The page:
Popular Music Of The Olden Time Vol 1

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166                                   ENGLISH SONG AND BALLAD MUSIC.
EXCISEMAN.
A writt to take mee up ! excuse mee, sir, You doe mistake, I am an officer In publick service, for my private wealth; My bus'ness is, if any seeke by stealth To undermine the states, I doe discover Their falsehood; therefore hold your hand,— give over.
DEATH.
Nay, fair and soft! 'tis not so quickly done As you conceive it is: I am not gone A jott the sooner, for your hastie chat Nor bragging language; for I tell you flat 'Tis more than so, though fortune seeme to
thwart us, Such easie terms I don't intend shall part us. With this impartial arme I'll make you feele My fingers first, and with this shaft of Steele I'le peck thy hones! as thou alive wert hated, So dead, to doggs thou shalt be segregated.
EXCISEMAN.
I'de laugh at that; I would thou didst but dare To lay thy fingers on me; I'de not spare To hack thy carkass till my sword was broken, I'de make thee eat the wordes which thou hast
spoken; All men should warning take by thy trans­gression, How they molested men of my profession. My service to the states is so welle known, ■ That I should but complaine, they'd quickly
owne My publicke grievances; and give mee right To cut your eares, before to-morrow night.
DEATH.
Well said, indeed! but bootless all, for I Am well acquainted with thy villanie; I know thy office, and thy trade is such, Thy service little, and thy gaines are much: Thy braggs are many; but 'tis vaine to swagger, And thinke to fighte mee with thy guilded
dagger: As I abhor thy person, place, and threate, So now I'le bring thee to the judgement seate.
EXCISEMAN.
The judgement seate! I must confess that
word Doth cut my heart, like any sharpned sword : What! come t' account! methinks the dreadful
sound Of every word doth make a mortal wound, Which sticks not only in my outward skin, But penetrates my very soule within. 'Twas least of all my thoughts that ever Death Would once attempt to stop excisemen's breath. But since 'tis so, that now I doe perceive You are in earnest, then I must relieve Myself another way : come, wee'l be friends, If I have wronged thee, I'le make th' amendes. Let's joyne toge'ther; I'le pass my word this night ' Shall yield us grub, before the morning light. Or otherwise (to mitigate my sorrow), Stay here, I'le bring you gold enough to­morrow.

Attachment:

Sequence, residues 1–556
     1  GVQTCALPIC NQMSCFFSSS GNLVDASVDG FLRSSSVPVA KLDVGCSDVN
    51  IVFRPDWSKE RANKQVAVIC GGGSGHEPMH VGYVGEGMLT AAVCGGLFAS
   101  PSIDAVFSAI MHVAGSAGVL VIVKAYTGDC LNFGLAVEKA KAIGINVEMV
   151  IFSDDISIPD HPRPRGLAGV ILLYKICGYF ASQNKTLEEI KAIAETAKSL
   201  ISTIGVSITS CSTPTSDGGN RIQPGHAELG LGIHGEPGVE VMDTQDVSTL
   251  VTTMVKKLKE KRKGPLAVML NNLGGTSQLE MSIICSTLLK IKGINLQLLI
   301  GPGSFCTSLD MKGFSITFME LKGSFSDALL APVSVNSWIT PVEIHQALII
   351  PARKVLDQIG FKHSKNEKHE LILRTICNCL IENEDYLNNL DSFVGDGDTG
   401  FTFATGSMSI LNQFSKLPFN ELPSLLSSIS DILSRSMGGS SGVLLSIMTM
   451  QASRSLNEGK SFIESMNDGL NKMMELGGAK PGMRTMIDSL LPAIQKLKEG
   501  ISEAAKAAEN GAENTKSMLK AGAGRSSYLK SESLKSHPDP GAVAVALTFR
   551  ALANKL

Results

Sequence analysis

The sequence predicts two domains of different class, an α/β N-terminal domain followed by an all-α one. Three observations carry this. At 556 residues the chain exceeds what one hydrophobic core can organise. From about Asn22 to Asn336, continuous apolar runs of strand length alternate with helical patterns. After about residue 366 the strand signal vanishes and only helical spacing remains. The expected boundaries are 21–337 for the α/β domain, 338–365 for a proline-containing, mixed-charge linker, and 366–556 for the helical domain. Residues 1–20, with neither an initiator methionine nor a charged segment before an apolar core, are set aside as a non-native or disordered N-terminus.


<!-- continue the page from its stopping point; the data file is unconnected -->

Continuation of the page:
DEATH.
To-morrow's gold I will not have; and thou Shalt have no gold upon to-morrow : now My final writt shall to th' execution have thee, All earthly treasure cannot help or save thee.
EXCISEMAN.
Then woe is mee! ah ! how was I befool'd! I thought that gold (which answereth all
things) could Have stood my friend at any time to baile mee! But griefe growes great, and now my trust doth
faile me. Oh! that my conscience were but clear within, Which now is racked with my former sin; With horror I behold my secret stealing, My bribes, oppression, and my graceless deal-
r ing;
My office-sins, which I had clean forgotten, Will gnaw my soul when all my bones are
rotten: I must confess it, very griefe doth force mee, Dead or alive, both God and man doth curse
mee, Let all excisemen hereby warning take, To shun their practice for their conscience sake.
Of all the ballads on the subject of Death, the most popular, however, was Death and the Lady. In Mr. George Daniel's Collection there is a ballad "imprinted at London by Alexander Lacy" (about 1572), at the end of which is a still older woodcut, representing Death and the Lady. It has been used as an ornament to fill up a blank in one to which it bears no reference; but was, in all probability, engraved for this, or one on the same subject. The tune is in